Due to this, the CA18DET doesn’t have the best reputation for reliability; replacement parts are harder to come by these days than back in the 1990s and early 2000s.
In short, take care of the engine, and you’ll be much less likely to experience any problems.
When the Nissan S14 platform arrived in 1994, it marked the end of the CA18DET engine — let’s see how it compares to its younger sibling, the SR20DET.
CA18DET vs SR20DET
The Nissan S14 platform debuted in 1994, and the 1.8L CA18DET was replaced by the new and improved 2.0L SR20DET.
Not only did this new unit have a larger displacement, but it used more modern tech and offered increased power and torque.
Needless to say, it was an absolute hit among the aftermarket community, which was followed by a massive influx of performance parts.
As much as we love the Nissan SR20DET compared to the CA18DET, it’s questionable whether it’s really worth swapping out the CA18 for an SR20, especially if you factor in the costs.
Power-wise, the SR20DET clearly has an edge over the CA18DET, both in stock form and in terms of tuning potential.
The SR20DET pushes out 246 hp and 220 lb-ft of torque in its most potent form, which easily beats the CA18DET’s 173 hp and 168 lb-ft of torque.
The additional power is in part due to the SR20’s updated T28 ball-bearing turbocharger compared to the CA18’s old T25.
Nowadays, finding a reasonably priced SR20DET is a lot easier said than done. For the money you’ll spend on that swap, you can build a highly capable CA18DET that will easily leave the stock SR20 in its dust.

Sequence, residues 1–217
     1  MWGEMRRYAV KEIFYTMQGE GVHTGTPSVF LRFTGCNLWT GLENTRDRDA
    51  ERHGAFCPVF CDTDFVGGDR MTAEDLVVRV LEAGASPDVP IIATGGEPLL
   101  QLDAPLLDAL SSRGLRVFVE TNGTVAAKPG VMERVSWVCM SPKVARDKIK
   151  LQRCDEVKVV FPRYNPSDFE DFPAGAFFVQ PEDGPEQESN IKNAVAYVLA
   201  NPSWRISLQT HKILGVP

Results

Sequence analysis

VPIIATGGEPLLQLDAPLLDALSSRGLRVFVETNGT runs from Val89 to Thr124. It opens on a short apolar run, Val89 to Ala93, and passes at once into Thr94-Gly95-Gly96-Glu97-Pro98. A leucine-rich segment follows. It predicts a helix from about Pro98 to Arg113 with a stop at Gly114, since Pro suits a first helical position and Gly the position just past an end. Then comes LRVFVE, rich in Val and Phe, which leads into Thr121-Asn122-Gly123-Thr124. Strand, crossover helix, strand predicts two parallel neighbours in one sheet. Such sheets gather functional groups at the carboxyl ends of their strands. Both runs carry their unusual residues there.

Granted, a built SR20DET will deliver more power than a built CA18DET, but for regular road use, there’s a limit to how far you can take things anyway, at least if you want it to be somewhat driveable and reliable.
If, however, you’re in a privileged situation where you have both a CA18DET and an SR20DET lying around, the SR is the obvious choice.
If you need just one reason that’ll convince you to keep the CA18DET rather than swap in the SR20, compare the sounds from both their exhaust systems.
The CA18DET has a hairy-chested, aggressive, and loud exhaust note once the turbo kicks in, but the SR20DET sounds like someone’s blowing a raspberry — at least that seems to be the consensus on various owners’ forums.
At the end of the day, the CA18DET may not be as powerful, nor does it have the same potential as its younger SR20DET sibling, but it’s far from obsolete and can offer a lot of fun and cheap thrills to the right owner.
What Goes Into a Nissan CA18DET Build?
Although we’ve established that the SR20DET is a better high-performance Nissan engine, we not here to discredit the CA18DET.
A built CA18DET can be tuned to produce more than 700 hp. In fact, there are built engines that come in around the 1,000 hp mark.
Obviously, those aren’t found under the hoods of daily drivers, but it does prove that they’re still very capable engines, even though they are from the 1980s.
As for the reliability of a tuned engine, you should ideally shorten the service intervals a bit, but other than that, you’re good to go. After all, this is a Japanese engine, and it has a proven reliability record from this era.